A Kingdom of Diversity: Moonrise Kingdom

Upon the release of Rushmore people pronounced Wes Anderson as a fresh new voice in modern cinema. His quirky characters, aesthetically succinct framing, and bizarre stories swept both critics and audiences off their feet. However only one feature film later, The Royal Tenenbaums, there was a questioning of Anderson’s ability to progress as a filmmaker. Would his movies, like those of Tim Burtons, eventually become pandering parodies of themselves? For some this prediction proved itself true with The Life Aquaticfor others it was with The Darjeeling Limited. Luckily the same cannot be said forMoonrise Kingdom. While his distinct style is still present Anderson creates a small, silly, and quiet film that manages to convey a childlike wonder at the beauty of the world.

Moonrise Kingdom takes place in the year 1968 on an island in near New England. It tells the Romeo and Juliet-esque love story between orphaned Boy Scout, Sam and rebellious thirteen-year-old, Suzy Bishop. Suzy’s estranged parents (wonderfully played by Bill Murray and Francis McDormand) have their own issues to deal with including her affair with the islands dimwitted sheriff, Captain Sharp (Bruce Willis). Both of the children feel out-of-place in their own environments and decide to run away together. Their goal is to create their own paradise in which to live happily ever after. Sam and Suzy’s departure causes chaos amongst the eccentric blend of unhappy adults as they search to find the young lovers.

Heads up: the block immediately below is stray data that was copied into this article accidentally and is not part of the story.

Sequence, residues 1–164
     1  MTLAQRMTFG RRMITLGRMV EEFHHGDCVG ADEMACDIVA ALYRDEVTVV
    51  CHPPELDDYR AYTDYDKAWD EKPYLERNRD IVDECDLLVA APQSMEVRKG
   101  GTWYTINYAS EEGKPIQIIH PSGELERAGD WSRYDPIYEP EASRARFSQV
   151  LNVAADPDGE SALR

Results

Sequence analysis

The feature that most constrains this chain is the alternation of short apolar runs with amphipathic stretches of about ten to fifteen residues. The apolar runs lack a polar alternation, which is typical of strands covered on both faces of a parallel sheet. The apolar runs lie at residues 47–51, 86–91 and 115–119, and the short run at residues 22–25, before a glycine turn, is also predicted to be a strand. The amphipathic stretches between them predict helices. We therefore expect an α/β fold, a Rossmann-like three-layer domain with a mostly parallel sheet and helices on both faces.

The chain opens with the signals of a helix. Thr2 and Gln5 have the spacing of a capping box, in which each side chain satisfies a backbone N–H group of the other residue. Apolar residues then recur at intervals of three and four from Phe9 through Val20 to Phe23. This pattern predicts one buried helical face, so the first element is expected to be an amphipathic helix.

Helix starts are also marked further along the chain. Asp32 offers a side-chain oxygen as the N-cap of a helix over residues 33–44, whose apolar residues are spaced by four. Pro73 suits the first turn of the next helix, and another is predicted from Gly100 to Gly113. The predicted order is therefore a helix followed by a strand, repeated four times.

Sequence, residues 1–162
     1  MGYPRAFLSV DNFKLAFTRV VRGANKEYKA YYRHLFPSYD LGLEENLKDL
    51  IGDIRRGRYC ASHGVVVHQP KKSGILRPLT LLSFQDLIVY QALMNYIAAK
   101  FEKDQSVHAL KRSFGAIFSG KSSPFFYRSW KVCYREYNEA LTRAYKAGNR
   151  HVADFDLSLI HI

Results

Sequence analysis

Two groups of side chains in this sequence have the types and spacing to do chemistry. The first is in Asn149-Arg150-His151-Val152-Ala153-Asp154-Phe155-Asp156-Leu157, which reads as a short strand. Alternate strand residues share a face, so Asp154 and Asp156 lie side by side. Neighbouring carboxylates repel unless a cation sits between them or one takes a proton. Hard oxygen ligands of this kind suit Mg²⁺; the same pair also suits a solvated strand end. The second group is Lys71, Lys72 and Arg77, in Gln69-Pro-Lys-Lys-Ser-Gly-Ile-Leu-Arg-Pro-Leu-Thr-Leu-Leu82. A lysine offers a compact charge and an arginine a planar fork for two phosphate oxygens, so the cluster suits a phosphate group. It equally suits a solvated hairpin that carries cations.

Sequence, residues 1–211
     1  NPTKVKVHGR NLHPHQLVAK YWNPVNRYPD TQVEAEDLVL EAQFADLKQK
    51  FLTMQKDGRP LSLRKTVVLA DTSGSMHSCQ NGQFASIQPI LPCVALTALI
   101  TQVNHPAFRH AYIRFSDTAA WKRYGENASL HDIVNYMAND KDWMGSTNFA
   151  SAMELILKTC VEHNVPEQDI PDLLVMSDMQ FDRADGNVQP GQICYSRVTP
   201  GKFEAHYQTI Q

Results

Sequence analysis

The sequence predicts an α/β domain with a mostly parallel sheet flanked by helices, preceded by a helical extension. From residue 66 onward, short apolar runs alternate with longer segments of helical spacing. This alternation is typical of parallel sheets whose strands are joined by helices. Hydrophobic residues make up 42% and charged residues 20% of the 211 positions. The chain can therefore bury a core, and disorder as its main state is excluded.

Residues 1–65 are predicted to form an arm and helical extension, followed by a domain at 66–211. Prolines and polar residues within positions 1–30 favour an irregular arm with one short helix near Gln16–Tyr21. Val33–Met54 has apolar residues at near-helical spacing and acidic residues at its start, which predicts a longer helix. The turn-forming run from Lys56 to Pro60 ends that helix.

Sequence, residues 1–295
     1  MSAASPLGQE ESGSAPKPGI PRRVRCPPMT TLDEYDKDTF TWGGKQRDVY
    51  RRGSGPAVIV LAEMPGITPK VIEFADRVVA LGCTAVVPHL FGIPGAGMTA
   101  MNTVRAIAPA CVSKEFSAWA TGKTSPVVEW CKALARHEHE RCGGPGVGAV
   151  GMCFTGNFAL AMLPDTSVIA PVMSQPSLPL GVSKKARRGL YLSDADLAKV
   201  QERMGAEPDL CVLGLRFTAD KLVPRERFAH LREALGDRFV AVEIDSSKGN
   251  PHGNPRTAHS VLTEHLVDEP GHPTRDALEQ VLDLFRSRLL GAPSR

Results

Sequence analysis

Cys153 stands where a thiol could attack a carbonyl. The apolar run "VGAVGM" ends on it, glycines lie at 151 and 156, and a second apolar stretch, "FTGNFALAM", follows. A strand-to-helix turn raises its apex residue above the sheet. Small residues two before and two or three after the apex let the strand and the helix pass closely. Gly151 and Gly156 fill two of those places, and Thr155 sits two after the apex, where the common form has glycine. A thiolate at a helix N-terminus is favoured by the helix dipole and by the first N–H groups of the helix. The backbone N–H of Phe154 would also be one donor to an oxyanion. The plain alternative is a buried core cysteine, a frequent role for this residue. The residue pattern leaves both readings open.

The film moves along at an upbeat pace with scenes that are full of bursting beauty. Wes Anderson as always has been known for his use of color, but here he experiments with it. Of course there is the usual dose of bright reds and deep blues that should be expected from an Anderson picture. However there are certain scenes that deviate from the expected such as a conversation between Sam and Suzy at sunset or the story’s climax atop a church during an intense storm. In the scene at sunset a warm pink radiates the atmosphere while a dark blue hue in the climax evokes black and white horror films from the thirties. The framing is succinct, but not to the point of kitsch and never does it feel obnoxious.

 Read the rest of the review here
Article originally published at The Alternative Chronicle
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